ChapmanCG and global healthcare company Baxter co-hosted a meeting on Compensation & Benefits trends in Japan earlier this year. The session was held in Baxter’s new Tokyo offices, in the beautiful Toranomon Hills, and was attended by BASF, Boehringer Ingelheim, Coca-Cola, General Electric, HSBC, Jetstar, Pfizer, Merck (MSD), and other multinational and Japanese companies. It was particularly interesting to see the different paths taken by various organisations in terms of C&B policies, all with the aim of creatively economising, while increasing performance.
We have seen many organisations implementing the concept of ‘double-hatting’ over the last several years. HR Business Partners are often looking after a Centre Of Excellence (COE) function, Recruiters are also training, and even managers from the business are often heavily involved with performance management, recruiting, and succession planning. C&B Leaders have been playing their part in this exercise, because of the value that they can bring with managing headcount, salaries, and linking double-hatting responsibilities with rewards and bonuses. One service company noted that because their business is cost-conscious, it is mixing the responsibilities of different functions that have historically been separate, and ultimately lowering overall labour costs. The challenge has been to gain employee buy-in, but once that hurdle is surpassed, this allows people to build experience in a new area. It will be interesting to see the long-term effect of this phenomenon, as it might prove difficult to find replacements for those with widely varying skills, should incumbents leave.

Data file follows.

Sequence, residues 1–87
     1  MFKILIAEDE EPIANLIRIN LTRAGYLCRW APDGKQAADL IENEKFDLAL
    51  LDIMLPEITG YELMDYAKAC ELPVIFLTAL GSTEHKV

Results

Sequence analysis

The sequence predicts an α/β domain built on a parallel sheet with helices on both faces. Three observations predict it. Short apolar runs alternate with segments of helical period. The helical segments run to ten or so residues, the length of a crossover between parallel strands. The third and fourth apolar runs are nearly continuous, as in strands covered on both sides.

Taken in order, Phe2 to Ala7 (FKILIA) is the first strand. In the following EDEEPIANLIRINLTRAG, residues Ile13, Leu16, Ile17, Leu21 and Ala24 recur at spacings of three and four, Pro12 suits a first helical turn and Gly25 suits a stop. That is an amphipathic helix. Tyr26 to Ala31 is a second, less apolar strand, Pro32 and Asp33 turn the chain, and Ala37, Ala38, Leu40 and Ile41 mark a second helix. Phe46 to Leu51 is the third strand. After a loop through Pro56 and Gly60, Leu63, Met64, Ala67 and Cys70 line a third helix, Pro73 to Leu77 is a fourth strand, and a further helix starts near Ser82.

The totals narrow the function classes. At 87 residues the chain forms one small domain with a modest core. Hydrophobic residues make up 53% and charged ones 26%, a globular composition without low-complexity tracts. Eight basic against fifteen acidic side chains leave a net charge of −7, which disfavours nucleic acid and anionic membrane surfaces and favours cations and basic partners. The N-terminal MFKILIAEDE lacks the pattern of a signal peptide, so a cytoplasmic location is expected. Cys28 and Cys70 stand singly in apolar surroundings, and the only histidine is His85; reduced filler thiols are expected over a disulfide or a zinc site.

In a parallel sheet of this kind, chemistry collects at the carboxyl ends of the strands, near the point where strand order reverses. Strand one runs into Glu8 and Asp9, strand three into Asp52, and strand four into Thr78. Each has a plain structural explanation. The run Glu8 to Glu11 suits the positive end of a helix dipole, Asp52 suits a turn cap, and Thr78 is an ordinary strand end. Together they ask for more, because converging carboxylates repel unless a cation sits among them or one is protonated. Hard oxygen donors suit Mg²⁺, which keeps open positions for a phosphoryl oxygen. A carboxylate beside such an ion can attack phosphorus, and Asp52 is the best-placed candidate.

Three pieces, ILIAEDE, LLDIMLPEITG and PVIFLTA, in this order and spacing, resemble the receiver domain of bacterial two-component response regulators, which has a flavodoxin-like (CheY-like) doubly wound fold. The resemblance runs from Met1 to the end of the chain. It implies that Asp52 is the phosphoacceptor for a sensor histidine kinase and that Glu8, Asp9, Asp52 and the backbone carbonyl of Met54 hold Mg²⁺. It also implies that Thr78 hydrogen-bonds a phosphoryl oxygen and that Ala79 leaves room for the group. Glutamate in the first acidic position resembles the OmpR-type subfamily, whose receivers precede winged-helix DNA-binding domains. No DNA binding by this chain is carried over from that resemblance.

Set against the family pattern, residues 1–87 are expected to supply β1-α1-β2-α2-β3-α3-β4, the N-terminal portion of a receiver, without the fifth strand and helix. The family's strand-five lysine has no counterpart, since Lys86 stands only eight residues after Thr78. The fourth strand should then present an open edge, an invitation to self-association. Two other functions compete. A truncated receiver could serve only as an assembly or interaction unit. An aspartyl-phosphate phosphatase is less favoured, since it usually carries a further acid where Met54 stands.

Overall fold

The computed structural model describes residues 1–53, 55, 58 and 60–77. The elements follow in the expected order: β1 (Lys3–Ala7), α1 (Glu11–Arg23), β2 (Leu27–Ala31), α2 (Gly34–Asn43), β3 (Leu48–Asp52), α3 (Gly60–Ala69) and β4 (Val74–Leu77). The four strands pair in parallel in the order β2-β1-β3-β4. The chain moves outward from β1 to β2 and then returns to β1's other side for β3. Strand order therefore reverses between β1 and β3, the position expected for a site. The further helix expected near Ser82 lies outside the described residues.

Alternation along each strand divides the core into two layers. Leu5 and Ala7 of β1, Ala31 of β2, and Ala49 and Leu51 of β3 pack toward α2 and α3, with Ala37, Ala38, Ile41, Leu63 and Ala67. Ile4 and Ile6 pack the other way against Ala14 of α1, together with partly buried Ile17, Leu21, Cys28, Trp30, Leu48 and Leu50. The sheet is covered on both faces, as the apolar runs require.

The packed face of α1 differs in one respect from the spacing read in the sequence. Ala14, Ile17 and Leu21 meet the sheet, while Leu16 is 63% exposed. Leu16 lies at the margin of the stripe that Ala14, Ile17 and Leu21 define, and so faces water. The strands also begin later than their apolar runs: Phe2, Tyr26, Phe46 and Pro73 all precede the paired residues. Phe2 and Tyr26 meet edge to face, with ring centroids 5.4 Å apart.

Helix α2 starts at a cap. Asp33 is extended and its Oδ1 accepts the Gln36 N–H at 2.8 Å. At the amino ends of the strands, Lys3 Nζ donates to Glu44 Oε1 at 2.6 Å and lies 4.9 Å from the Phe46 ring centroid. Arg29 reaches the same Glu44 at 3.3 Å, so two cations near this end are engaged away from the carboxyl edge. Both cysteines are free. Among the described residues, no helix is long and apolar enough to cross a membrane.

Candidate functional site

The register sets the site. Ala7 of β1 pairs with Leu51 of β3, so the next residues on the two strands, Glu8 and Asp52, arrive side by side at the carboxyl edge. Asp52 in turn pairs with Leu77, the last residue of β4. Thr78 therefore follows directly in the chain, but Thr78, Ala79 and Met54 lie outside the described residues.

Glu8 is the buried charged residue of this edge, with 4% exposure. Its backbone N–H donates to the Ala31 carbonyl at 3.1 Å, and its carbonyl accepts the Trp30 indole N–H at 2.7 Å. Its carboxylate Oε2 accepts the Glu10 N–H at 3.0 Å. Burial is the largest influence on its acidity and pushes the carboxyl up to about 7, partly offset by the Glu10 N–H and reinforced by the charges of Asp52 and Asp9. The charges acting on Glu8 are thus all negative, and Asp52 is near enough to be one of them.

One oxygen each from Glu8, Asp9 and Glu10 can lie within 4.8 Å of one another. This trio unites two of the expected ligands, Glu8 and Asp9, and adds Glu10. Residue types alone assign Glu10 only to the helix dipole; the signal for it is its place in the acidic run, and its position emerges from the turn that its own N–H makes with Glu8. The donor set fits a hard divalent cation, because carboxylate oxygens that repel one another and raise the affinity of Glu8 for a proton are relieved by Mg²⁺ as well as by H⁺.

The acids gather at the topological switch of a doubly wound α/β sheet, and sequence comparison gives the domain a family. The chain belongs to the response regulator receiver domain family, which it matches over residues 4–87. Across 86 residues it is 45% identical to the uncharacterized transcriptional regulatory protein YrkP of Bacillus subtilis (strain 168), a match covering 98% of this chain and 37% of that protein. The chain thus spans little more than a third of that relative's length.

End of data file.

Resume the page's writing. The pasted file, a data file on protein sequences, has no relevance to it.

Performance vs. Behaviour Focus
Conservative companies in Japan have compensation packages, which consist of guaranteed summer and winter bonuses, housing allowances, and other benefits. Recently we have often seen a restructuring of this package, making it heavily cash-based, with a large portion – often 15-25% – based on performance. One finance company commented that the banking industry has always been highly compensation-driven, and is now moving in the opposite direction. This particular organisation was working hard to instil behaviours that create the ideal company culture. This involved finding role models who exhibit the right behaviours, to lead or champion various initiatives. This financial company also transitioned to using 360 degree feedback, the outcome of which influences the individual’s bonus, so bonuses are no longer pure performance based.
Creativity in C&B
While some companies are moving towards performance and behaviour ratings, others are transitioning to a ‘no-rating’ system. Instead of focusing on individual performance, these organisations are now looking at team goals and the incremental improvement of the employee. There are questions around the allocation and fair distribution of bonuses, and there is also a certain level of risk under current Japanese labour law, but a small handful of organisations that have implemented this system found an increase in engagement without any drop in performance. It will be interesting to see if more companies in Japan follow suit.
Huge pressures from an aging population, a dwindling supply of young talent, and changes in organisational needs have all forced companies to get creative in their efforts to economise, while simultaneously improving productivity. We thank our host Baxter, and the participants for sharing their experiences and shedding some light on what is happening on the ground in C&B in Japan. We look forward to the next series of roundtable meetings in late 2015.
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